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Channelrhodopsin-2 Function is Modulated by Residual Hydrophobic Mismatch with the Surrounding Lipid Environment

1
Department of Chemistry and Biochemistry, Worcester Polytechnic Institute, Worcester, MA 01609, USA
2
Program in Systems Biology, University of Massachusetts Medical School, Worcester, MA 01655, USA
3
Department of Physiology and Biophysics, Weill Cornell Medical College of Cornell University, New York, NY 10065, USA
4
Schrödinger Inc., New York, NY 10036, USA
5
Institute for Computational Biomedicine, Weill Cornell Medical College, Cornell University, New York, NY 10065, USA
*
Author to whom correspondence should be addressed.
These authors contributed equally to this manuscript.
Appl. Sci. 2019, 9(13), 2674; https://doi.org/10.3390/app9132674
Received: 28 April 2019 / Revised: 3 June 2019 / Accepted: 26 June 2019 / Published: 30 June 2019
(This article belongs to the Special Issue The Advances and Applications of Optogenetics)
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Abstract

Channelrhodopsin-2 (ChR2) is a light-gated ion channel that conducts cations of multiple valencies down the electrochemical gradient. This light-gated property has made ChR2 a popular tool in the field of optogenetics, allowing for the spatial and temporal control of excitable cells with light. A central aspect of protein function is the interaction with the surrounding lipid environment. To further explore these membrane-protein interactions, we demonstrate the role of residual hydrophobic mismatch (RHM) as a mechanistically important component of ChR2 function. We combined computational and functional experiments to understand how RHM between the lipid environment and ChR2 alters the structural and biophysical properties of the channel. Analysis of our results revealed significant RHM at the intracellular/lipid interface of ChR2 from a triad of residues. The resulting energy penalty is substantial and can be lowered via mutagenesis to evaluate the functional effects of this change in lipid-protein interaction energy. The experimental measurement of channel stability, conductance and selectivity resulting from the reduction of the RHM energy penalty showed changes in progressive H+ permeability, kinetics and open-state stability, suggesting how the modulation of ChR2 by the surrounding lipid membrane can play an important biological role and contribute to the design of targeted optogenetic constructs for specific cell types. View Full-Text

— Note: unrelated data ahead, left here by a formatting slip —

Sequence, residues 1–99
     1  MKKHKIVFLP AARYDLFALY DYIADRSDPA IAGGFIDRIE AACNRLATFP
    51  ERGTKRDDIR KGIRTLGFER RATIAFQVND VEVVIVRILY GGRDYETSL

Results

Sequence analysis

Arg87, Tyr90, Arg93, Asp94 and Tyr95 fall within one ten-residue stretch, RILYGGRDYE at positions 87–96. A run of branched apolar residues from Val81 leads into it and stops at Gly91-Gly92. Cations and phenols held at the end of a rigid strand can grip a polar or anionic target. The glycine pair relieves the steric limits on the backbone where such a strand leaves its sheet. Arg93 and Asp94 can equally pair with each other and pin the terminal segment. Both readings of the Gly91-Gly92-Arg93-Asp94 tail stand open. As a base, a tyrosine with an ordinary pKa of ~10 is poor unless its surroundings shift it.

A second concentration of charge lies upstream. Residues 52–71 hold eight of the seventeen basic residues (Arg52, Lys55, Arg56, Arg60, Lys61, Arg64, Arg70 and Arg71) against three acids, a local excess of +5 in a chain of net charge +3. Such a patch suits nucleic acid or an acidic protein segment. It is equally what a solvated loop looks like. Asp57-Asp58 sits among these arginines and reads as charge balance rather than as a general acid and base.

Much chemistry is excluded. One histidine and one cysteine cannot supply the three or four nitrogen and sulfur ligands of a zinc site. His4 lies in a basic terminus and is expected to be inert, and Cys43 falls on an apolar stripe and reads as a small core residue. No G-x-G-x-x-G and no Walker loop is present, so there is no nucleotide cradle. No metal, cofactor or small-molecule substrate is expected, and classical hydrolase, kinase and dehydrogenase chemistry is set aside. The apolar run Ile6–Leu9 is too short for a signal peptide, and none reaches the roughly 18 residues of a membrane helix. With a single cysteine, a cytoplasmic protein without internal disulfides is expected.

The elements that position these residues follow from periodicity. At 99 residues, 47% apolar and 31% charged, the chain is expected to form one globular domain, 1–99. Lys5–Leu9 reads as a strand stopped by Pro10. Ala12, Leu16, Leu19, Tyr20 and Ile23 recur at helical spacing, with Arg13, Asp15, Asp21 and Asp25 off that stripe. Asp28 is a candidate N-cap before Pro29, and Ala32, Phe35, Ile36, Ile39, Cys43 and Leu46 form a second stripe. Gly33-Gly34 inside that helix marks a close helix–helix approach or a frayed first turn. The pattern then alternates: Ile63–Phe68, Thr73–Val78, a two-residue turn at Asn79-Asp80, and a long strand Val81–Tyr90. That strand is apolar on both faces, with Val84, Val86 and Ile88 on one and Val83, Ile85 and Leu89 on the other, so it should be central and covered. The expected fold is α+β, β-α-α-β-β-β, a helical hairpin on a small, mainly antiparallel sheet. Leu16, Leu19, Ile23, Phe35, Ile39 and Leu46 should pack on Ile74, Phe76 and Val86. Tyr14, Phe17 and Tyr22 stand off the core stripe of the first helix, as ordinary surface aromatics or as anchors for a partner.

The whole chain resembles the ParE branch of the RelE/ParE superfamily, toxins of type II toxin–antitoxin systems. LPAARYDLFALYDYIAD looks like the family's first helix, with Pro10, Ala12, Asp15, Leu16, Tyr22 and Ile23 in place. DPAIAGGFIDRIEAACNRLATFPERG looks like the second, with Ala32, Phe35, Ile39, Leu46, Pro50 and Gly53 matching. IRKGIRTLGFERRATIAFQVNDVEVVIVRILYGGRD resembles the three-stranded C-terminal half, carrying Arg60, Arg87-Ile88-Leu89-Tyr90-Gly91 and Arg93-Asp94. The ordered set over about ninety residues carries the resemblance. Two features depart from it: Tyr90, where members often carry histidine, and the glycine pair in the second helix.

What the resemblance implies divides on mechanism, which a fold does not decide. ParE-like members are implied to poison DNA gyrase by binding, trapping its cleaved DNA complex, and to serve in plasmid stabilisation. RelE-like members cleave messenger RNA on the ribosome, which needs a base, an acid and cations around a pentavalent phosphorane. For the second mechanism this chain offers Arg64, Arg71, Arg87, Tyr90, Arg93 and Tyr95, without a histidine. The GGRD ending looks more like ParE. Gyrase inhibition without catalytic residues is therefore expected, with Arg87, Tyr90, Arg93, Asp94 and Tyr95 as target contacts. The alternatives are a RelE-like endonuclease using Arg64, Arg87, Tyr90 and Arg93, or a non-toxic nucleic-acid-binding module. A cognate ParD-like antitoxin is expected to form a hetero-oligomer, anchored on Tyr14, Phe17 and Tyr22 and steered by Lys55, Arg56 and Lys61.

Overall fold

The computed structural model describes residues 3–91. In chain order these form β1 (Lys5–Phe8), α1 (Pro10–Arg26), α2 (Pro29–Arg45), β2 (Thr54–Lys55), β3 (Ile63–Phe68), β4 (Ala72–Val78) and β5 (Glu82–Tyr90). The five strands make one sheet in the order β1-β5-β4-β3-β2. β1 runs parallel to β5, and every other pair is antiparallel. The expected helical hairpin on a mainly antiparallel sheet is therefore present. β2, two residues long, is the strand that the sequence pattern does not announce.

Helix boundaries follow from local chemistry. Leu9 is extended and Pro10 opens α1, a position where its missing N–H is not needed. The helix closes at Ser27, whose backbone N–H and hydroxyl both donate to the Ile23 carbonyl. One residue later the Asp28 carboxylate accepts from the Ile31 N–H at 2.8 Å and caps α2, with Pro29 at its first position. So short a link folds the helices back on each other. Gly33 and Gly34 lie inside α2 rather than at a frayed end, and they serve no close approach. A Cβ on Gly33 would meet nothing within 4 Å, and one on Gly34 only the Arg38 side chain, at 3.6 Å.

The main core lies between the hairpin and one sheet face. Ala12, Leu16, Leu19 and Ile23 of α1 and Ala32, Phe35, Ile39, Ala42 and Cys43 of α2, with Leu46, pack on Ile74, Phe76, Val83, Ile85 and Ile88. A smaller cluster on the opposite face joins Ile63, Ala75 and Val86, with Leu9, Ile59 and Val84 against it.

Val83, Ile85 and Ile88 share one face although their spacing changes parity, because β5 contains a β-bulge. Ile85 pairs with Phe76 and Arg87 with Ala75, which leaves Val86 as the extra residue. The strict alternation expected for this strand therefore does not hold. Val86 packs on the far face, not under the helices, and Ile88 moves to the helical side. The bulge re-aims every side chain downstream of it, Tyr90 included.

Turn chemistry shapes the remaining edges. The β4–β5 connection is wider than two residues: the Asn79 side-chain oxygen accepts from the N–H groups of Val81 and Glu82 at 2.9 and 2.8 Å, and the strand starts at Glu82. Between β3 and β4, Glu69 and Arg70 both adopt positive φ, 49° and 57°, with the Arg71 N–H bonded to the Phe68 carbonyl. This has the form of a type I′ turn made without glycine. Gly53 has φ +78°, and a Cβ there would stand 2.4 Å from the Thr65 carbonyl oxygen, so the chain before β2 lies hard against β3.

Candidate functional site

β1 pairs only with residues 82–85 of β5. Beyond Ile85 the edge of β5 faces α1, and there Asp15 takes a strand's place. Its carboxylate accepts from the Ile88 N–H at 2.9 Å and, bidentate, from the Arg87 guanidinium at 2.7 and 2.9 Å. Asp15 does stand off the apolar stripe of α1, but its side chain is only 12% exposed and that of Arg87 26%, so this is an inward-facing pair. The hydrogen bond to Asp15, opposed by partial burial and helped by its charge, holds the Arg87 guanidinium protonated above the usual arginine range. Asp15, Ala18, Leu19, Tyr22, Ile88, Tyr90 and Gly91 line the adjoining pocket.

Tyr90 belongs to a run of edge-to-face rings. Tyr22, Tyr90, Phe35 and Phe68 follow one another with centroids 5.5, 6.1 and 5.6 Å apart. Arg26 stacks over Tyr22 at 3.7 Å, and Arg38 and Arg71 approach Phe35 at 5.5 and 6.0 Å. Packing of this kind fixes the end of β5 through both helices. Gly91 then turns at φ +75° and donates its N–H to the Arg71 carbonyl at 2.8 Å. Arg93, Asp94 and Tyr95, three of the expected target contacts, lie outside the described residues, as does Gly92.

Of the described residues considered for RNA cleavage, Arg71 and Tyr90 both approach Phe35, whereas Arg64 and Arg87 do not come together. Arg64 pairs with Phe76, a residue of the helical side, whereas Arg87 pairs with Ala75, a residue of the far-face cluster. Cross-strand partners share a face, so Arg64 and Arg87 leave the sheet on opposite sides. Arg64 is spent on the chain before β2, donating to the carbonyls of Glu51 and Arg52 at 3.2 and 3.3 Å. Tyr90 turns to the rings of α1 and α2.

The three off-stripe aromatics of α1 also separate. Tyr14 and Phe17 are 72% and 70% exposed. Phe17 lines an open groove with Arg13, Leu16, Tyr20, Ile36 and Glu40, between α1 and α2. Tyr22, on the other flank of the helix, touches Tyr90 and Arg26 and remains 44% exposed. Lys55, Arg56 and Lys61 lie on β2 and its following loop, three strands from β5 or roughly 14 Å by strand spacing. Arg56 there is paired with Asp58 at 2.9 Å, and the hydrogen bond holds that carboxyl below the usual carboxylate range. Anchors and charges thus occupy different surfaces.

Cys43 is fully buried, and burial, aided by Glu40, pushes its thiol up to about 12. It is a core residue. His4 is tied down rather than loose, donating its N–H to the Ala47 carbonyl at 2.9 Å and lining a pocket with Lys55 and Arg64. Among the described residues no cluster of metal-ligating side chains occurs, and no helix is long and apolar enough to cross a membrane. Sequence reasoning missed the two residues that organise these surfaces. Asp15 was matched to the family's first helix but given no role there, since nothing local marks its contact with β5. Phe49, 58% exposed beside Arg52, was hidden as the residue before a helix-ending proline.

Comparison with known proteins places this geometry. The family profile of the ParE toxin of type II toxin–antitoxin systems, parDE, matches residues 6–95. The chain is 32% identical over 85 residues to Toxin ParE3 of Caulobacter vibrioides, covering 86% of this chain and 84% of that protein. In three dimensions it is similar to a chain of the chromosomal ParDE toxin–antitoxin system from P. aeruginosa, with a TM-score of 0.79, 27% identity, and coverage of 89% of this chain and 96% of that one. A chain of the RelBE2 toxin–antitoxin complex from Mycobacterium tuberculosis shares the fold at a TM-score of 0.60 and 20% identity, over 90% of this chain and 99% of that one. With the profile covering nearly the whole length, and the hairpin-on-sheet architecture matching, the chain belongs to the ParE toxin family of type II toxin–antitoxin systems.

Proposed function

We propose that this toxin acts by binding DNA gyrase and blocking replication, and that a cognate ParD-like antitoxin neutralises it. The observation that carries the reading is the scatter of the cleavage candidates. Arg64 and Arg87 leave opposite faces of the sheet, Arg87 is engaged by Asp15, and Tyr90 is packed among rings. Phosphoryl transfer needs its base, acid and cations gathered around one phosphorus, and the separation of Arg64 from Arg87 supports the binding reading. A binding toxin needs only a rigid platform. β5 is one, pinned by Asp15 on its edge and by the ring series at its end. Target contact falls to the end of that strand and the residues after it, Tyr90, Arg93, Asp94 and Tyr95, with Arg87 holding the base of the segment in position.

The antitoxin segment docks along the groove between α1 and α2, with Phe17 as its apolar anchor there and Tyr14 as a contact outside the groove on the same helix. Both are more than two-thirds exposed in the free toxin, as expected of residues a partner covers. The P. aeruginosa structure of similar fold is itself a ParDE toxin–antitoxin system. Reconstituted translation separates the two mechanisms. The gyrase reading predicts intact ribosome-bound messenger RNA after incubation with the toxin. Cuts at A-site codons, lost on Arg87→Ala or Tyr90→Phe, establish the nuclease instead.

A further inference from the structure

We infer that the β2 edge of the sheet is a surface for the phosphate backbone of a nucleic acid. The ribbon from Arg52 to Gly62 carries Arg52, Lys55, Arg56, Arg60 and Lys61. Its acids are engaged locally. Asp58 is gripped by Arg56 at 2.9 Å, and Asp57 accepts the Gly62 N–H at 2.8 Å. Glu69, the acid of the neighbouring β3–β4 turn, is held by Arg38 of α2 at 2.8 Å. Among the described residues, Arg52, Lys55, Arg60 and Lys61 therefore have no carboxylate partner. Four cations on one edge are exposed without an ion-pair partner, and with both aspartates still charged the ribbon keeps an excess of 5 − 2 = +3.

Keywords: Chlamydomonas reinhardtii; ion channel; optogenetics; electrophysiology; molecular dynamics simulations; membrane-protein interaction; energy of membrane deformation; CTMD method, residual hydrophobic mismatch Chlamydomonas reinhardtii; ion channel; optogenetics; electrophysiology; molecular dynamics simulations; membrane-protein interaction; energy of membrane deformation; CTMD method, residual hydrophobic mismatch
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This is an open access article distributed under the Creative Commons Attribution License which permits unrestricted use, distribution, and reproduction in any medium, provided the original work is properly cited (CC BY 4.0).
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Richards, R.; Mondal, S.; Weinstein, H.; Dempski, R.E. Channelrhodopsin-2 Function is Modulated by Residual Hydrophobic Mismatch with the Surrounding Lipid Environment. Appl. Sci. 2019, 9, 2674.

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